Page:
“I like to play characters that I can draw from in my own life,” Stewart observes. “I’ve invested so much of my life into my work that I almost don’t have any choice. It’s interesting how you can blur the line between acting and living and learn from your performances. I’m just trying to keep learning as much as I can and not get caught up in all the distractions that can play havoc with your mind.”
Q: Kristen, what was your approach to the very tough Snow White that this film saw you play?
STEWART: She needed to develop a warrior-like mentality and at the same time she was a very caring, compassionate young woman. We wanted to remain true to the essence of the story where Snow White represents the good side of humanity and its best ideals. Yet she also has to engage in violence in order to fight very evil forces. That was our way of creating a new kind of fairytale that is going to engage people and take the audience on a different kind of journey.
Q: Was the presence of Charlize Theron one of the reasons you wanted to be part of this project?
STEWART: Yes. I’ve always been a huge admirer of Charlize. She was already signed to the film before either Chris or myself and after reading the script and knowing that she was playing in it, I knew I had to be part of it.
It’s really an incredible opportunity to work with someone you think is so brilliant and whose work you’ve followed and respected so much. Charlize was basically the reason I wanted to make this film.
Q: What makes Snow White special in your eyes?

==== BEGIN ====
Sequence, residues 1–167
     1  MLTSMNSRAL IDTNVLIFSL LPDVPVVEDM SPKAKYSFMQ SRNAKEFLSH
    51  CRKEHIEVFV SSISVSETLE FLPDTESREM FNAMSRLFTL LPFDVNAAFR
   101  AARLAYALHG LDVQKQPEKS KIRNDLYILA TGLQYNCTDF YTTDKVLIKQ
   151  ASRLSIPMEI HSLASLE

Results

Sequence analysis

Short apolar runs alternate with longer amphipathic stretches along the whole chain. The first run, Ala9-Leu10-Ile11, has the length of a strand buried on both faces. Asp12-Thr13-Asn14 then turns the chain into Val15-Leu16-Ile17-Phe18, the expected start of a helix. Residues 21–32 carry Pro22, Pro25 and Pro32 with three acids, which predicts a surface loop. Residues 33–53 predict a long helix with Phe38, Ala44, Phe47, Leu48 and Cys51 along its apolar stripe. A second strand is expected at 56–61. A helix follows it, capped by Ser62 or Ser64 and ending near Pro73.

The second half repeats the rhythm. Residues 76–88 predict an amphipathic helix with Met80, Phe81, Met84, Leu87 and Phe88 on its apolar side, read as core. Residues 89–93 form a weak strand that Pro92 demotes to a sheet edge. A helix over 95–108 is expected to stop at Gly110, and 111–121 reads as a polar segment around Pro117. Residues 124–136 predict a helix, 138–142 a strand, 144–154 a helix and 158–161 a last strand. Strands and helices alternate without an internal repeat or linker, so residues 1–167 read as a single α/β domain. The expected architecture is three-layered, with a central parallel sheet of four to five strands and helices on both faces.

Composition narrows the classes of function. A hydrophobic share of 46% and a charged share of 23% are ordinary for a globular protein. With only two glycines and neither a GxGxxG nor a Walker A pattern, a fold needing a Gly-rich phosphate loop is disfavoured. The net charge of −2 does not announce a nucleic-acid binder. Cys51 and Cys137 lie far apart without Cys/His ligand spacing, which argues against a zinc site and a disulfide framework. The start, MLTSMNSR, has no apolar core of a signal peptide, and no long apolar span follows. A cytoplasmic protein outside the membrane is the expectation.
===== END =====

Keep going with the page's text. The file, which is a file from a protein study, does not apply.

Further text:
STEWART: Snow White has a unique ability to see the true essence of others. Her real beauty is the way she can see the world and believe in humanity despite the violence and evil that surrounds her. She has incredible intuition that is one of her greatest gifts and so she sees The Huntsman (Chris Hemsworth) for who he really is. I also enjoyed working with Chris because he had a way of bringing new elements to the scenes we were doing and I was able to play off of that and that was really exciting for me as an actress. We surprised each other a lot and I thrive on that way of working together. Chris was also a lot of fun to be around.
Q: There is a lot of action in this film. Did you get banged up?
STEWART: (Laughs) It was scary sometimes to do certain things like jumping in cold water from pretty high up or some of the fighting. I once really hit Chris hard by accident and I felt awful. But he’s such a good sport and was more worried that I might have hurt my hand!
Q: What did it feel like to play opposite Charlize Theron? Were you ever intimidated by her?
STEWART: I was very inspired by her. She has an incredible presence and she has a way of looking at you that makes her perfect to play the Evil Queen. In some sense I probably was intimidated but it was more a case of my being so excited and excstatic about working with someone of her talent. We had a chance to talk about a lot of things and we both have the same goals and approach when it comes to acting. We both throw ourselves into the process and we had such a fantastic time working together.
Q: This fairytale is famous for the issue of beauty. In this version of SWATH, the Queen is convinced that beauty is the source of her power. Do you believe that beauty can be empowering?
STEWART: Beauty can be empowering in good and bad ways. There are people who use it to their advantage in a negative way and as our film shows the Queen has embraced her beauty in a way that has seen her become a horrible human being. She views beauty as a weapon and a force of manipulation.
This is where Snow White represents the opposite force. She sees beauty everywhere in the world and even sees the inner beauty of the Queen. Snow White is able to see the light and the beauty of things in general and that is her great strength.
Q: Is Snow White a more rebellious Bella?